e-Tolls Media Release

2014 – the year of sanity on e-Tolls?

One month after the big e-toll ‘switch on’ and society has witnessed a broad based people defiance campaign that many did not envisage possible.  The extent of the rejection of e-tolls by Gauteng road users is not only in the 80 to 85% of freeway users refusing to purchase e-tags, but also in the clear signs of an estimated 1,5 million road users that will probably not pay their e-toll bills. “The situation unfolding, has all the signs of a very successful civil action – defiance campaign, the largest in our new democracy” says OUTA’s chairperson Wayne Duvenage.  “It is a campaign driven by the denouncement of e-tolling from all sectors of society, Labour (Cosatu), the Churches (SACC), Business (SACCI, JCCI, BUSA, BMF) and civil society at large.”

To date, far too much has gone wrong with the entire matter for it to succeed.  Tolling is one of those processes that requires almost everyone to pay, as you simply can’t have a situation where some people are paying whilst hundreds of thousands aren’t.

Theauthorities display ofintimidation and threats of criminal prosecution exudes a belief that the middle-class motorist will eventually succumb and fall into line.  This ‘big stick’ approach is a gamble which appears to be back-firing and giving rise to a heightened rebellious chorus of resistance.  Without the majority of the public on board, there is not much more Sanral can do about it, other than continue with a warped belief that threats to criminalize overone million people, plus their spending of millions of taxpayer’s rands on a highly unsuccessful media campaign will make it work.

Harassment of motorists.

Throughout December, OUTA has received numerous messages from motorists, alarmed by calls from the e-toll Violations Processing Centre (VPC) demanding payment for e-tolls.   Mobile phone numbers obtained through other databases are being used to contact motorists who have opted not to get e-tags or contract with the Electronic Tolling Company (ETC).  These motorists are being ‘coerced’ and intimidated to immediately pay outstanding e-toll fees or be handed over for debt collection.

“This behavior confirms the dismal number of e-tag sales and that ETC are desperately trying to meet their contractual obligations to Sanral with measures aimed at herding in those motorists and companies who have not been tagged,” says Duvenage.  “We are advising motorists not to allow the anxiety within ETC to be projected onto them, to stand their ground and insist that Sanral sticks to its original commitment to the public to handle non-registered e-toll road users by means of normal business practice.  This means the issuance of a tax-invoices and the necessary detail of evidence of the correct vehicle passing under the various gantries.”  Duvenage added that “hundreds of people who make contact with OUTA through the social media platforms have vowed in principle not to pay any e-toll fees, as they are sincerely disgusted with the entire debacle, the high costs, the lack of transparency and the irrationality of the system.”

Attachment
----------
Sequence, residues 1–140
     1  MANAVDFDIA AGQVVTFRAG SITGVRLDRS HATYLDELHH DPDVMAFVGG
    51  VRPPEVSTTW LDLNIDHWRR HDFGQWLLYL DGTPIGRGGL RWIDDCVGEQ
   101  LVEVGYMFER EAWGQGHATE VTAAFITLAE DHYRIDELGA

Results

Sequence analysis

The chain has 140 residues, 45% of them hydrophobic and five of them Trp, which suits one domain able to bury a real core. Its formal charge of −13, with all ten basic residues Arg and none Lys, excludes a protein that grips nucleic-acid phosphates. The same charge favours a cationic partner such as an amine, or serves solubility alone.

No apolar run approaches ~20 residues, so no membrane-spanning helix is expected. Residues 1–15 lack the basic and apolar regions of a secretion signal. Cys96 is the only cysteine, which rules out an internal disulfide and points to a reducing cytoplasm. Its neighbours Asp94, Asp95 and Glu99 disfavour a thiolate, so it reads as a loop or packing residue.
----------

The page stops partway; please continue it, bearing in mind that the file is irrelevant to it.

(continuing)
In addition OUTA has received numerous messages from business operators with vehicle fleets who have opted not to contract with ETC via the e-tag facility.  Many of these businesses are smaller to medium in size and are communicating collectively through local business associations, forming agreement pacts amongst themselves to defy the system. Clear in their expression is the “irrationality and unnecessary costs and onerous conditions placed on them, whilst there is too much waste and squandering of our taxes in other areas throughout the country,” as one business owner put it.